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    Lunaz’s upcycled electric refuse truck validates ‘best in class’ in hill climbing ability

    Lunaz Applied Technologies (LAT) has finalised the demanding hill-climb component of an extensive testing programme of its upcycled electric vehicles (UEVs) at the globally renowned test and development facility, Millbrook Proving Ground, Bedfordshire, UK.

    The development UEVs tested were refuse trucks on the Mercedes Econic platform. These vehicles have been subject to an upcycling process that includes the replacement of the vehicle’s diesel engine with a fully electric Lunaz powertrain. It also incorporates a suite of the latest safety, connectivity and ergonomic improvements.

    Of note was the UEVs exceptional performance on the challenging 1:5 gradient at the proving ground. The vehicle, which was fully prepared for a refuse collection round with a ‘crusher’ body mounted and occupied by a driver and two crew, not only ascended the hill effortlessly but had 1000nm of torque in reserve. This is the equivalent to the 253mph Bugatti Veyron.

    This test was critical in establishing LAT’s global application. In achieving this milestone LAT UEVs are validated for nearly all residential roads globally. This helps to support considerable interest from foreign governments the world over who wish to benefit from LAT’s UEVs. These electric vehicles (EVs) represent a cleaner, cheaper and better-equipped alternative to their all-new equivalents.

    The hill-climb test was conducted as part of LAT’s ongoing 10-year development programme, compressed into two years by testing five identical Mercedes Econic UEVs simultaneously. 

    These vehicles are currently being subject to 300,000 miles of durability testing on Millbrook Proving Ground’s famously demanding ‘Belgian Pave’ cobbled road. Along with more than 500 hours of driver calibration, where pedal feel, power delivery and braking endurance are finessed. Plus, 800 hours of energy optimisation, balancing power consumption with performance.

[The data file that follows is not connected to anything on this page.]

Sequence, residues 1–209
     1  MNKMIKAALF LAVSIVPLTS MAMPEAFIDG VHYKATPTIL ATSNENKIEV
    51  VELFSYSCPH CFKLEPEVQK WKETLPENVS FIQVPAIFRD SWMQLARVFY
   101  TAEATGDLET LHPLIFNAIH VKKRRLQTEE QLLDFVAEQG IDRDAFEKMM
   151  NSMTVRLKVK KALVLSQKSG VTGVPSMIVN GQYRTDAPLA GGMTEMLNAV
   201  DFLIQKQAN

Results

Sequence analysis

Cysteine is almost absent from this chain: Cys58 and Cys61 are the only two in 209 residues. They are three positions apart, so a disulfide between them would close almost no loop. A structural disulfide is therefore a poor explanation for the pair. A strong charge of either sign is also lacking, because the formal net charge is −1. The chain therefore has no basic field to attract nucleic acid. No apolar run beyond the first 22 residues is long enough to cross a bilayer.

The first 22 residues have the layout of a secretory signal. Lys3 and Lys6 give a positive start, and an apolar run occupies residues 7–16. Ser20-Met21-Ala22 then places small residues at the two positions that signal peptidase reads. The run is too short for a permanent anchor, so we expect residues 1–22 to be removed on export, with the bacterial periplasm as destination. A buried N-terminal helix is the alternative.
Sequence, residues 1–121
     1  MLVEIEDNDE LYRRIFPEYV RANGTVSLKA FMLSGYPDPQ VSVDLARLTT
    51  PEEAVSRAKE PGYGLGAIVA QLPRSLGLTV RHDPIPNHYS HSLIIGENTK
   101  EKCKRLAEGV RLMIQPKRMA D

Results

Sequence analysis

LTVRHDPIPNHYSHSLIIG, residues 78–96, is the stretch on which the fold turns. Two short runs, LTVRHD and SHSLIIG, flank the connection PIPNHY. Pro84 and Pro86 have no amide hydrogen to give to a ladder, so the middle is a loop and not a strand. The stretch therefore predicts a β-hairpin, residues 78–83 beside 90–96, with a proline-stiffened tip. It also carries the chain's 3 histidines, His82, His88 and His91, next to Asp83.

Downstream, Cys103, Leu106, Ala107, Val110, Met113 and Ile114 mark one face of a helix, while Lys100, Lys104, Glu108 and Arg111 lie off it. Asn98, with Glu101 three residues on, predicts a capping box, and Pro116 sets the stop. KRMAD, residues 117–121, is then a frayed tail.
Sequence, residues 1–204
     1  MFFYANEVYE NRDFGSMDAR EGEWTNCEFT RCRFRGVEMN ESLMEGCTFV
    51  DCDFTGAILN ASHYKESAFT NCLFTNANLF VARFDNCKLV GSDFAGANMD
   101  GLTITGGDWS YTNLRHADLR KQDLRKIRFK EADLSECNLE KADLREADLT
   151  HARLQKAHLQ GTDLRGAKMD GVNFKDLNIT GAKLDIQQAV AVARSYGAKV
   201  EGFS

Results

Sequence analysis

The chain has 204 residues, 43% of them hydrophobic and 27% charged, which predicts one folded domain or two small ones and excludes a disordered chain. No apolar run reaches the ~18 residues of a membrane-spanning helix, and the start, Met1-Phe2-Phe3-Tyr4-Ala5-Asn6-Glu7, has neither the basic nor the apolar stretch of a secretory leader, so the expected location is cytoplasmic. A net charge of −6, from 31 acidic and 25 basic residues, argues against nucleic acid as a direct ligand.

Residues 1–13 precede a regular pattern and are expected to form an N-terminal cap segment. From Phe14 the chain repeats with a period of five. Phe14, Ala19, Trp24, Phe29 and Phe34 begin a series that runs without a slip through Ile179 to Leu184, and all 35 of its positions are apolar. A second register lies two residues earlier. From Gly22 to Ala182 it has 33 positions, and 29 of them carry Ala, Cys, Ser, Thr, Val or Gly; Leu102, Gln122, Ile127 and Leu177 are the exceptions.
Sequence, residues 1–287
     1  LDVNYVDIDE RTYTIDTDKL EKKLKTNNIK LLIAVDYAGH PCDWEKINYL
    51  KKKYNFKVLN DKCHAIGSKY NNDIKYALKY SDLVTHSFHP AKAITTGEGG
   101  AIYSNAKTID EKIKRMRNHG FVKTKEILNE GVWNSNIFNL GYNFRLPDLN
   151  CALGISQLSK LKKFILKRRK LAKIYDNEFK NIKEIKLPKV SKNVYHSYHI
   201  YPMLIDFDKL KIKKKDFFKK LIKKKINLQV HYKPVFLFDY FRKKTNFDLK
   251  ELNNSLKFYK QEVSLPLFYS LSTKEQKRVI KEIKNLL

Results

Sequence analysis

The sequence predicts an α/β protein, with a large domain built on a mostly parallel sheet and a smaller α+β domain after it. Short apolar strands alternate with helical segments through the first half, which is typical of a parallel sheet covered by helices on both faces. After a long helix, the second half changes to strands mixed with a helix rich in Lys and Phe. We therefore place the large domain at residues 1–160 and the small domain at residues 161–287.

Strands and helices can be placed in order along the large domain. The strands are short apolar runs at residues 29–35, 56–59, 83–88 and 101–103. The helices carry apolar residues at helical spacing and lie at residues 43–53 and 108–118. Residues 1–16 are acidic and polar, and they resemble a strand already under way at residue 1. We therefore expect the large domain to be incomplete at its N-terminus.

The UEVs 56mph (90kph) top speed, a significant figure in that many vehicles in its class are only capable of 35mph (56kph), will also be tested continually for more than 200 hours.

    This performance delivers an essential benefit to waste management companies, local authorities and the public as slow-moving refuse trucks will no longer block busy commuter roads at peak times. This is augmented by the proprietary re-engineering of the transmission system to allow best-in-class hill-climbing ability without compromising the top speed.

    To support the well being of the critical workforce who operate these vehicles, significant resources are being applied to testing and improving noise, vibration and harshness conditions in these vehicles. 

    Sister brand Lunaz Design has supplied an electrified 1961 Bentley Continental Flying Spur for acoustic benchmarking purposes, supporting LAT engineers’ target of a 40 per cent reduction in cabin noise compared to a diesel Mercedes Econic.

    A highly specialised and diverse test team has been assembled to carry out this landmark testing. Its development driver team is made up of refuse and heavy goods vehicle drivers. These share a collective 50 years of frontline operational experience, as well as hypercar, aerospace and nuclear submarine engineers. 

    These specialisms reflect the highest engineering and safety standards in the world. LAT’s exhaustive testing programme will conclude ahead of the first fleet deliveries in 2023. 

    We are big fans of upcycling rather than just binning and replacing. It keeps capable and useable out of landfill and it’s far more economical for councils and governments to upcycle than replace. It’s a win-win and with impressive torque  like this, it’s also a no-brainer in terms of performance. 

    David Lorenz, Lunaz CEO, said: “I believe that every vehicle deserves at least two lives. I am extremely proud of the engineers who are in the process of not just delivering but validating this vision. 

    “Our upcycled electric vehicles represent so much more than technological innovation – they deliver a major improvement for the wellbeing of the drivers and crew who operate these vehicles. 

    “These vehicles provide a critical reduction in the environmental impact all-new refuse trucks make. A UEV achieves this not only by way of its clean-air powertrain but in unlocking the embedded carbon trapped in scrapped trucks.”

    Lunaz, who are based in Silverstone, say that volume production for these upcycled electric vehicles is on schedule to commence in 2023. 

    Ian Osborne
    Ian Osborne
    Editor-in-Chief at ElectricDrives

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